Install Docker Inside Docker Container Ubuntu
Go to the end of the file, and add this line to ensure that we add the repository source link.
Exit the editor, after saving your changes.
Now, we are ready to update the system and install our package!
Install Docker In Docker Container List
Step 5: Install Docker on Ubuntu
Now that we have our sources with us, we are ready to install Docker!
It’s simple. First, we update our system and other critical packages. Then, we fetch and install the latest version of Docker from the source. The version that we will be installing is the Docker Community Edition (
docker-ce), so we then install that using
Now, if there aren’t any errors, we will return to our shell prompt, and our install has completed successfully!
Step 6: Verify Docker Installation
If Docker was installed correctly, it would have then automatically started a Docker daemon process. So, we need to use the
systemctl command and check if the docker service has started or not.
Install Docker Cli In Docker Container
If the command works as expected, then you will see an output similar to mine, indicating that the
docker service is active, which means that our installation was indeed successful!
Now, let us now look at how we can configure Docker and run a Docker Container.
Step 7: Execute Docker Commands without sudo
By default, the
docker command can only be run by the root user or by a user in the docker group, which is automatically created during Docker’s installation process. If you attempt to run the
docker command without prefixing it with
sudo or without being in the docker group, you’ll get an output like this:
To avoid typing
sudo for every docker command, add your username to the docker group.
Now, log out and log in again to apply for your user membership successfully on the docker group. Now, there is no need to prefix any docker command using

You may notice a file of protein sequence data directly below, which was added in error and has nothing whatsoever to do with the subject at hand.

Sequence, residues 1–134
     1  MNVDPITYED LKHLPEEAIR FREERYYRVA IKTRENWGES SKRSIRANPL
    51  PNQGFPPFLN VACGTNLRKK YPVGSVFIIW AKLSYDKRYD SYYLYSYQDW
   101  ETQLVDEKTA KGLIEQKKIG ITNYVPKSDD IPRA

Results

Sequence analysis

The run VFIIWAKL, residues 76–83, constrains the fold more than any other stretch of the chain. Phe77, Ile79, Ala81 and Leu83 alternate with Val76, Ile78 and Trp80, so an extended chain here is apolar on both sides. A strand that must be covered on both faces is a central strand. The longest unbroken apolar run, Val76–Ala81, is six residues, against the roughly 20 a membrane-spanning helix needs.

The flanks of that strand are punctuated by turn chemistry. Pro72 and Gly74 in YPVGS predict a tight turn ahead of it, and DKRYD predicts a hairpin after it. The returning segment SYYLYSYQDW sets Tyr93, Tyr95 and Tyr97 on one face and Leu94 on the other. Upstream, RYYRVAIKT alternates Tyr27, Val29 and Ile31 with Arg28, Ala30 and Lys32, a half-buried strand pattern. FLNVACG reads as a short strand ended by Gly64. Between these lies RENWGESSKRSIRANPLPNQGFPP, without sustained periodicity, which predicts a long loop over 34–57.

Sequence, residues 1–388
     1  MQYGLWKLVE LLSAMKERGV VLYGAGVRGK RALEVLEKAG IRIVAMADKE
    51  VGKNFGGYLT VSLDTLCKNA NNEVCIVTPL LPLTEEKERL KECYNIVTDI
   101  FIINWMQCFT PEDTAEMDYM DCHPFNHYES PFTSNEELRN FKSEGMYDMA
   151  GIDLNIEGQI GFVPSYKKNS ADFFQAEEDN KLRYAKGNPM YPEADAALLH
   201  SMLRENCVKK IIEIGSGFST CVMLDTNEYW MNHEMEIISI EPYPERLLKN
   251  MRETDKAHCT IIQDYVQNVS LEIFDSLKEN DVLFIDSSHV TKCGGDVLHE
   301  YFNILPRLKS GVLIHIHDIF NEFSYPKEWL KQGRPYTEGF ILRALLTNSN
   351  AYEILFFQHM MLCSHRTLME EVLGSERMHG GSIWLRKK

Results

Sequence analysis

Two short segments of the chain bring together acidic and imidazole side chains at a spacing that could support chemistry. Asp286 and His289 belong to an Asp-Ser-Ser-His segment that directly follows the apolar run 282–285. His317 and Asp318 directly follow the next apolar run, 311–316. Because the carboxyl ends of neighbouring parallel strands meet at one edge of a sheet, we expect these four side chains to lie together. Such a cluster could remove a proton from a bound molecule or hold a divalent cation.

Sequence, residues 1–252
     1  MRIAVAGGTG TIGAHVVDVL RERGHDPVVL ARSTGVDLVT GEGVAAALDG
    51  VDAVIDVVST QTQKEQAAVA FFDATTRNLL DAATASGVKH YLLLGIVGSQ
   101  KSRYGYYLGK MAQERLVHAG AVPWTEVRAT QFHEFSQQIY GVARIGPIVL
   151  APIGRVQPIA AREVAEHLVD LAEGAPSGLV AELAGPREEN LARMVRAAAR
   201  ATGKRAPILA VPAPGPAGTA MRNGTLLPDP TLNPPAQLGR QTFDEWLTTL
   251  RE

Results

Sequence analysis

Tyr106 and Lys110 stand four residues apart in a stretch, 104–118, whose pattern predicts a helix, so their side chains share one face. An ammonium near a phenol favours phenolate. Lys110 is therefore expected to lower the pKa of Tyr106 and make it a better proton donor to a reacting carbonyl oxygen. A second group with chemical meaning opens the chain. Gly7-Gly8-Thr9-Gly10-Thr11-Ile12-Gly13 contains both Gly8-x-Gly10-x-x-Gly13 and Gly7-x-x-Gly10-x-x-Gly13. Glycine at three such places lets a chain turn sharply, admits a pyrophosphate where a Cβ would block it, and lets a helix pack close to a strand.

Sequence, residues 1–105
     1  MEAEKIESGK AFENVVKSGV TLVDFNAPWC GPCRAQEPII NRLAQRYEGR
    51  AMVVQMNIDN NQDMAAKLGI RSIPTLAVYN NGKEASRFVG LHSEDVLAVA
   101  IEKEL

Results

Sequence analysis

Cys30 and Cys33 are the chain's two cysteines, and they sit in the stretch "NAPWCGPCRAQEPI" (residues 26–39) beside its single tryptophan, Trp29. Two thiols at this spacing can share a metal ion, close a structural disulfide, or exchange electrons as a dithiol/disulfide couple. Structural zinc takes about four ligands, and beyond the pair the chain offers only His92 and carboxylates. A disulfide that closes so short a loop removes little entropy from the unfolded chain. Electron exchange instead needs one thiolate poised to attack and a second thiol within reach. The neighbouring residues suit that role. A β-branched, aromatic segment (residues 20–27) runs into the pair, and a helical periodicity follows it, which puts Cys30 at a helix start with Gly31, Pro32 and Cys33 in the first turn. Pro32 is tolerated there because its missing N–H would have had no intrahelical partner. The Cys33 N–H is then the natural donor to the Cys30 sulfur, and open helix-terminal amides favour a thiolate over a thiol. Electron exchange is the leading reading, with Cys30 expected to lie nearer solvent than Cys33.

Step 8: Run a Docker Container
A Docker Container, being similar to a Virtual Machine, also needs an image to work on. There are various images hosted on Docker Hub, Docker’s official website for hosting images. Any image you need can be fetched from this website.
Let us now try to run a simple
hello-world Docker Container, which prints ‘Hello World’ and exits.
1. Fetch the image
To pull the corresponding Docker image, use:
2. Run the container
Now we have the image, using which we can run the Docker container.
To check if we actually have the image, let us list all our Docker images on the system, using
We have the image
hello-world in our system, as expected. Now, let us run the container.
Now, this container will run and print
Hello World, before terminating.
We have thus completed running our first Docker Container!
Similarly, we can fetch and run other interactive Docker Containers as well, thus showing the ease of usage of
docker. To illustrate this, let us show one more example: Installing a Debian image!!
Running a Docker Debian Container
We use the same commands as earlier, using
docker pull debian, to download the image.
Now, to run this container, since this needs an interactive terminal session, we use:
-it option specifies an interactive terminal session (Combining the
-i and the
As you can see, we are using a Debian system inside an Ubuntu OS, without the number of resources that a Virtual Machine uses. The image size is itself only 114 MB. Amazing, isn’t it?
In this tutorial, we showed you how we can install Docker on Ubuntu 18.04 from the Terminal, and how we can fetch images and run Docker containers using the
docker command. I hope this tutorial serves you well and clears any doubts regarding Docker installation or running a Docker container on Ubuntu.